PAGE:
This gets at what makes for good AI art in my eyes. I want it to say something and say something that only it can say. Conceptuality is critical for AI work because of its ease of production. Since a complex image can be created with a mere click, it needs something more than a flashy visual output to give it significance. Things gain weight when you submerge them in a "semiotic sea," a network of context and associations that anchors them to other things and confers meaning. The contextless AI image is weightless, untethered from any such sources of meaning. Without these, it loses something metaphysically and narratively, cheapened by the lack of connection to the real human story. That’s all abstract-sounding, but it manifests in concrete approaches to making AI art. What does this actually look like? Techniques and aesthetics that reveal the fingerprints of the technology, for one. Manglecore works, which I’ve referenced previously, do this. Similar but different, the latent paintings of IN UTERO reveal the model’s innards instead of its fingerprints, concocting images that humans wouldn’t ordinarily dream of. Exceedingly complex compositions or sequences that wouldn’t be feasible by other means represent another fecund avenue for AI art, like detailed tableaus and narrative work. In a similar vein, it’s ripe for working with hyperbole. It’s an opportunity for visual maximalism and makes for an imaginative partner. And as aggregators of vast sums of data, image models contain deep truths yet also reveal deep biases. Skillfully employing these models enables us to work with and question either or both. Another opportunity for the post-photographic tradition specifically is capturing private, counterfactual, or otherwise inaccessible moments in photorealistic form. These are all principles of the medium that can be manifested in myriad ways, but what’s also exciting about AI art is its unpredictability, which means that the applications I’ve been able to think of will likely be far from comprehensive.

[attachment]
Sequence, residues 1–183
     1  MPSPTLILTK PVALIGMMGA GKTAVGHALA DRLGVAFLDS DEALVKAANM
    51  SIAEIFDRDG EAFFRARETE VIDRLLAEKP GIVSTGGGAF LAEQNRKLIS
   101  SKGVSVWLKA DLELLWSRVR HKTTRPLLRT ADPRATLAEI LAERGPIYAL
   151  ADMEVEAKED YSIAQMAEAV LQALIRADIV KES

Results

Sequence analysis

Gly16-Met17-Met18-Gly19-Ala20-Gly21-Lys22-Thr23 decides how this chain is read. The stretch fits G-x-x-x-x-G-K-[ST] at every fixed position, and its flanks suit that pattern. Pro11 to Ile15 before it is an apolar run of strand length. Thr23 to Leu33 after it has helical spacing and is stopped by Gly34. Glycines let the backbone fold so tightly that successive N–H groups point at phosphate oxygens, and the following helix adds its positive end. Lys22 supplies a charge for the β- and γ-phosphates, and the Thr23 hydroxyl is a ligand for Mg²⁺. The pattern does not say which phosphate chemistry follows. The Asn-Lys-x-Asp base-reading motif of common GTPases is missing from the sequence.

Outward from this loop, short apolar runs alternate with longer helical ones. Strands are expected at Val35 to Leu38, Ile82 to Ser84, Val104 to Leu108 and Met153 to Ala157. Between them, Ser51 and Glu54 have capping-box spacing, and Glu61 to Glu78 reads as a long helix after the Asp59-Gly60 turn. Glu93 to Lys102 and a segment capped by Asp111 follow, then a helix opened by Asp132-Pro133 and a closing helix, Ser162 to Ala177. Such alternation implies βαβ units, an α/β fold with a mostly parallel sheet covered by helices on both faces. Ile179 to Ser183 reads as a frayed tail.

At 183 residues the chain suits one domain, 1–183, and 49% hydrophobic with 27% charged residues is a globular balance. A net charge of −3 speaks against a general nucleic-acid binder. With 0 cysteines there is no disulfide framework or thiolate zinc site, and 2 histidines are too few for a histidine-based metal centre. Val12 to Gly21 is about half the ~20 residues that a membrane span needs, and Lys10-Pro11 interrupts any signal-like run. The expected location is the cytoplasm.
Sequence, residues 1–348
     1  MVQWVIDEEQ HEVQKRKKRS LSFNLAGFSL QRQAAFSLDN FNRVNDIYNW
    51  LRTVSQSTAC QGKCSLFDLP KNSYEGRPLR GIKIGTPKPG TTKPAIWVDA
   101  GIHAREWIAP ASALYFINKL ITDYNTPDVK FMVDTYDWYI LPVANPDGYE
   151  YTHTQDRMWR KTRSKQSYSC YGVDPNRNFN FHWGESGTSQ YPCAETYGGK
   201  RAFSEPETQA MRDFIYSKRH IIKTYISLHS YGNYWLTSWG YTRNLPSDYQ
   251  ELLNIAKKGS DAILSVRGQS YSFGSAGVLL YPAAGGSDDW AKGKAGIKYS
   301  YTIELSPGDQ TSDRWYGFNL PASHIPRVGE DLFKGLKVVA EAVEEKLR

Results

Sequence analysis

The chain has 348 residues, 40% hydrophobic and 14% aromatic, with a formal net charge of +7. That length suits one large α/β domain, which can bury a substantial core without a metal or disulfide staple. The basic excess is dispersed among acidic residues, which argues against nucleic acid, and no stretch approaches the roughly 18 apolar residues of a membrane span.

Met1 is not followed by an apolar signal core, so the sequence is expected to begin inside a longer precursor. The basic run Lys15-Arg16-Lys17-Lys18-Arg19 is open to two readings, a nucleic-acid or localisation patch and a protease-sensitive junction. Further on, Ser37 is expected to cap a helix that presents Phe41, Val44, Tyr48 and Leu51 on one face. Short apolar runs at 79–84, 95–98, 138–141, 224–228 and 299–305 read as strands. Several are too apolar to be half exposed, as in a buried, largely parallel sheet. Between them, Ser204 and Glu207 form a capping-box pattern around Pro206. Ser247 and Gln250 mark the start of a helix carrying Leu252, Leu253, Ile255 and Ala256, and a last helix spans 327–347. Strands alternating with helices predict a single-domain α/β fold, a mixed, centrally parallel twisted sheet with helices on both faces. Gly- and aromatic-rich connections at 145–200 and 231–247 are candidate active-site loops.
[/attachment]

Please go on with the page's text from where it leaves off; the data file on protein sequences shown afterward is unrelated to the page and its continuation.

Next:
In the end, good AI art is not different from good art writ large; it’s just a subset thereof and will need to find ways to instantiate those values in its own vernacular. Meaning is paramount. To say this isn’t to turn away from the imagistic traditions of yore toward more purely conceptual work. In fact, the great classical painters were quite "conceptual." We just don’t refer to them as such because they weren’t merely conceptual. Their works were chock full of strong symbolic and allegorical significance. Because they were accountable for every brushstroke, every element of a cogent painting was inherently imbued with meaning, and every composition was replete with rich intentionality. Movement is embodied cognition, and such thought is etched into every inch of a handcrafted work. Of course, one may simply attempt to recreate impressions from the retina, but to do so at least comes with a bare minimum of intentionality. The same doesn’t hold for AI works, so the AI artist needs to demonstrate meaning through another path. Beauty also matters, but good art shouldn’t be beautiful alone. Or if it is, it should be so beautiful that it smacks me in the face hard enough that I shut up and quit thinking. But this is a false dichotomy anyway. Usually, beauty is indicative of underlying meaning, simply providing us with an alternative, non-linguistic path to its absorption, not a phenomenon that exists in spite of meaning. The ultimate art (according to me) is that which is deeply meaningful and movingly beautiful, saying something differently or better than anything said before. Great AI art will seek to do this, but on its own terms.